CBS NEWS, February 7, 2021
Caroline Linton authored the article with Andrew Brewster’s contribution
The Wyoming Republican party on Saturday voted to censure Congresswoman Liz Cheney over her vote to impeach former President Trump. Cheney, the third-ranking Republican in the House, said Saturday that her vote to impeach was “compelled by the oath I swore to the Constitution.”
The Wyoming GOP approved a censure resolution by a vote of 56 to 8. The censure resolution says the state party will not raise money for her in the future and also asks that she repay any donations made to her 2020 campaign by the state party and any county parties that request it.
“I’m honored to represent the people of Wyoming in Congress and will always fight for the issues that matter most to our state,” Cheney said in a statement on Saturday. “Foremost among these is the defense of our Constitution and the freedoms it guarantees.”
Cheney was one of 10 House Republicans who broke with the party and voted on January 13 to impeach Mr. Trump on a charge of incitement of insurrection at the U.S. Capitol. Mr. Trump’s trial will start in the Senate on Tuesday.
The censure document says Cheney voted for impeachment “despite the lack of any formal hearing being held, evidence being presented, witnesses being sworn to testify, or accusers being questioned.”
Mr. Trump won nearly 70% of Wyoming voters in November, and Cheney is the only Congresswoman from the state. The Republican party accused of her not being in touch with the voters of the state. The resolution claims that Republicans in the state have since left the party or changed their voter registration.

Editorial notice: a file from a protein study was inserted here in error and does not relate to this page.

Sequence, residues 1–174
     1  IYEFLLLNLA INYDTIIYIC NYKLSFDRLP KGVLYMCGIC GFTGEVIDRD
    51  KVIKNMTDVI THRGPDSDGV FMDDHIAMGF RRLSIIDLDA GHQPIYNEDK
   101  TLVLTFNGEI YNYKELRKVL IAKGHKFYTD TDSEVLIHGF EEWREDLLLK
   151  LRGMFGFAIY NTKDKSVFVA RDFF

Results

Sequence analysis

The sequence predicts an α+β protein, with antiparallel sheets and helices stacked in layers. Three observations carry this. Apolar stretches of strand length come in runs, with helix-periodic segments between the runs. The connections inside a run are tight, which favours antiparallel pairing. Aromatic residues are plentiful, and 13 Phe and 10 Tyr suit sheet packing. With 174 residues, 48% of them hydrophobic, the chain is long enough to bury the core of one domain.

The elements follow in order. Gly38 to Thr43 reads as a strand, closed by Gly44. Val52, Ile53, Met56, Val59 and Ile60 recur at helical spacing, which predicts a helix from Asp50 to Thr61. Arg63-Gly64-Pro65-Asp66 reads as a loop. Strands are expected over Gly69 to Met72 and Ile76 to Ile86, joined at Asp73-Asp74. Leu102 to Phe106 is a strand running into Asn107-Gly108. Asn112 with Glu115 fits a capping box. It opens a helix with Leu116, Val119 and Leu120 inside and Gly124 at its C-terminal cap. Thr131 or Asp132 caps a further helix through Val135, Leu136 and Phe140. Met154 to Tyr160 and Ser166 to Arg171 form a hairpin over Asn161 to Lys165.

Several party members spoke out against the move to censure Cheney. During Saturday’s meeting, Teton County Chairman Alex Muromcew said the state party should resist “this left-wing trend of ‘cancel culture,’ trying to censure and get rid of anybody that we disagree with.” Natrona County Republican Party Chair Joseph McGinley criticized the state party’s recent decisions to censure other state and county lawmakers, including himself.
With the U.S. House still in session, Cheney did not attend the meeting. There was an empty chair with her name on it to bring attention to her absence, which McGinley said was done in “poor taste.”
“This is our sole representative to the U.S. House. And censuring someone for how they voted doesn’t help in any way, shape or form. If we’re unhappy with voting records then that gets sorted out in the primary. Trying to undermine somebody’s ability to represent the people of Wyoming is counter-productive,” McGinley told CBS News.
Cheney has also faced blowback from national Republicans. Earlier this week, Cheney survived a vote by House Republicans to remove her from her leadership position, with 61 Republicans voting to remove Cheney from her post and 145 voting for her to stay. The vote was conducted via secret ballot.
On January 28, Florida Congressman Matt Gaetz held a rally in Wyoming, blasting Cheney for her impeachment vote and calling her a “Beltway bureaucrat turned fake cowgirl.”